Those difficulties — daunting bureaucracy, tough working conditions, to name a few — used to mean that 75 percent of new teachers in East Palo Alto's Ravenswood City School District failed to return for a second year.
But that figure has reversed itself dramatically in the past few years — about 74 percent of first-year teachers now stay on for at least three or four years.
That's welcome news for Superintendent Maria De La Vega, who has said a more stable teaching staff is key in boosting student performance in a district where nearly 70 percent of students are English-language learners and 85 percent qualify for federal lunch subsidies.
Many new teachers credit mentoring from the New Teacher Center, a national organization dedicated to "accelerating the effectiveness of teachers," for giving them the support and sense of professionalism they need to stick with, and thrive in, the challenging job.
"The New Teacher Center has had a tremendous impact on my abilities as a teacher," said first-year teacher Kathleen Florita. "From orientation at the beginning of the year, to NTC mentors at my school site to my own NTC mentor, they have all transformed my classroom into an environment conducive to learning and myself into a strategic and purposeful teacher."
The mentors are a cadre of veteran teachers from around the Bay Area and the Ravenswood district itself, who work side by side with every first- and second-year teacher to assist in their growth and help to foster a supportive working environment.
"When teachers have a collegial atmosphere, a good school climate and feel the power to make a difference for the kids, they want to stay here even though they could make $5,000 or $10,000 more by traveling over the bridge," mentor Barbara Allen said. Allen, a Palo Alto resident, spent decades as a special-education and second-grade teacher in San Jose's Berryessa Union School District.
Sometimes it's as simple as bringing the new teacher a cup of coffee or meeting her on a Saturday or after school to help set up a classroom library or a folder system.
"In education, it's easy to develop a culture of blame — kids can blame teachers, teachers can blame parents, parents can blame the school — but we try to encourage a different way of thinking about the situation, to help empower the teacher," Jen Bloom said.
Bloom taught English-language learners in San Francisco and later was a founding staff member of an Oakland charter school before joining the New Teacher Center. She mentors teachers at Flood, Willow Oaks and Green Oaks schools.
"It's an intimidating situation for a new teacher to walk into on the first day — a class will have some students at grade level, some two grade-levels below, some with no English and some 'inclusion' (special-education) students. It's so complex, all the different challenges," Bloom said.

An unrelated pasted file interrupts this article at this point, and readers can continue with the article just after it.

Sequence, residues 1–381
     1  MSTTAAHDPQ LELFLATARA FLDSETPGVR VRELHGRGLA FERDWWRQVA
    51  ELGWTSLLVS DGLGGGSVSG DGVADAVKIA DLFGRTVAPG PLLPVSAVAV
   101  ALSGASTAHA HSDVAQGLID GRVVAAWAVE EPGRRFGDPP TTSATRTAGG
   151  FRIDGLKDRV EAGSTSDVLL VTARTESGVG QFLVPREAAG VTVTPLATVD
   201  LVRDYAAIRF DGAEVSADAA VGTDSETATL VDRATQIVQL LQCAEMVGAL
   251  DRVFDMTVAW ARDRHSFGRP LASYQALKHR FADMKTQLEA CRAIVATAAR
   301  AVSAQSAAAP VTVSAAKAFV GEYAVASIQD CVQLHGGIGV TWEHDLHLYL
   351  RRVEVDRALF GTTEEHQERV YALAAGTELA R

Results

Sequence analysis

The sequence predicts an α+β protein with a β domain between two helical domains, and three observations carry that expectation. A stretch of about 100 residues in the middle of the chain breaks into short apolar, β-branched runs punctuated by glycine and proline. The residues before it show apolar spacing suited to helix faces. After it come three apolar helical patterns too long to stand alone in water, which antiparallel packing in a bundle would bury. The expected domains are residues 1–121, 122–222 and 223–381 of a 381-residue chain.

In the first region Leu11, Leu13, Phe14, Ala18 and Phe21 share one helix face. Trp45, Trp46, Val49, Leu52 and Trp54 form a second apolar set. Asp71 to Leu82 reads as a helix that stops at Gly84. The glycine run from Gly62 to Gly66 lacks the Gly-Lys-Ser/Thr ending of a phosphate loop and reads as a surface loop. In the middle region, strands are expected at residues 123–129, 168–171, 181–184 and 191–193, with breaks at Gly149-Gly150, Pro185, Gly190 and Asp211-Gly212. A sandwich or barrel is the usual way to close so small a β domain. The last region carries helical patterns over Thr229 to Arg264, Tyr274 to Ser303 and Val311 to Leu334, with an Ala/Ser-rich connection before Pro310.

"Our role is not to evaluate, just to support. Really listening in a nonjudgmental way is one of the ways we can build trust. Listening and reflecting back what we've heard can help teachers see things in a different way."
Mentors also sit through classes and record data on how a new teacher is performing.
"A teacher might say, 'The kids won't listen.' Then you look at the data with her and see she was talking to a group of 5-year-olds for 14 minutes straight. She can see, 'Oh, wow: No wonder they get a little antsy on the rug," said Jenny Morgan, who co-directs the project at Ravenswood.
Mentors gain credibility in Ravenswood by showing up regularly in the classroom.
"I had a conversation the other day with a teacher who was glowing about (mentor April Stout)," said Ravenswood math teacher-turned-mentor Ryan Stewart. "This teacher had multiple mentors from different universities, but she said how much of an asset it is that April can be there, know the kids, the curriculum, the challenges, and offer support targeted to those particular kids.
"She knows what the teacher is going through on a daily basis."
Mentors also help new teachers learn how to manage the bureaucracy — especially important in a district such as Ravenswood, which is mired in state mandates and a federal court order on special education.
"Some of the teachers come in here with a strong social-justice background, wanting to make a difference. They know it's going to be tough, but they say it's tougher than they thought it would be, but not for the reason they anticipated," said mentor Marie Crawford, a veteran of the Redwood City School District and the education program at San Jose's Tech Museum.
"They were thinking the kids would be tough, but they notice that that's the easiest part. They fall in love with the kids almost immediately. It's the compliance measures, the pacing schedules they have to stay on, the benchmarks they have to share and the test scores that become so important.
"These things take hours and hours of paperwork."
Morgan said: "We help them navigate all the different requirements and initiatives, and maintain some perspective so they can understand the bigger goal and purpose. That way they can take them on in a meaningful way and feel good about it rather than get bogged down by it."
Mentors also have helped organize "professional learning teams" at each school, enabling teachers to meet together regularly to develop a sense of collaboration and shared purpose.
The New Teacher Center's work in Ravenswood is supported by a $2.46 million grant from the William and Flora Hewlett Foundation, which expires this year.
"This is our last comprehensive year," program manager Kitty Dixon said. "Next year we will support at a minimal level," adding that "there are no additional grants in Ravenswood at this time."
De La Vega said she "had not had that conversation (about grant renewal) with anyone yet."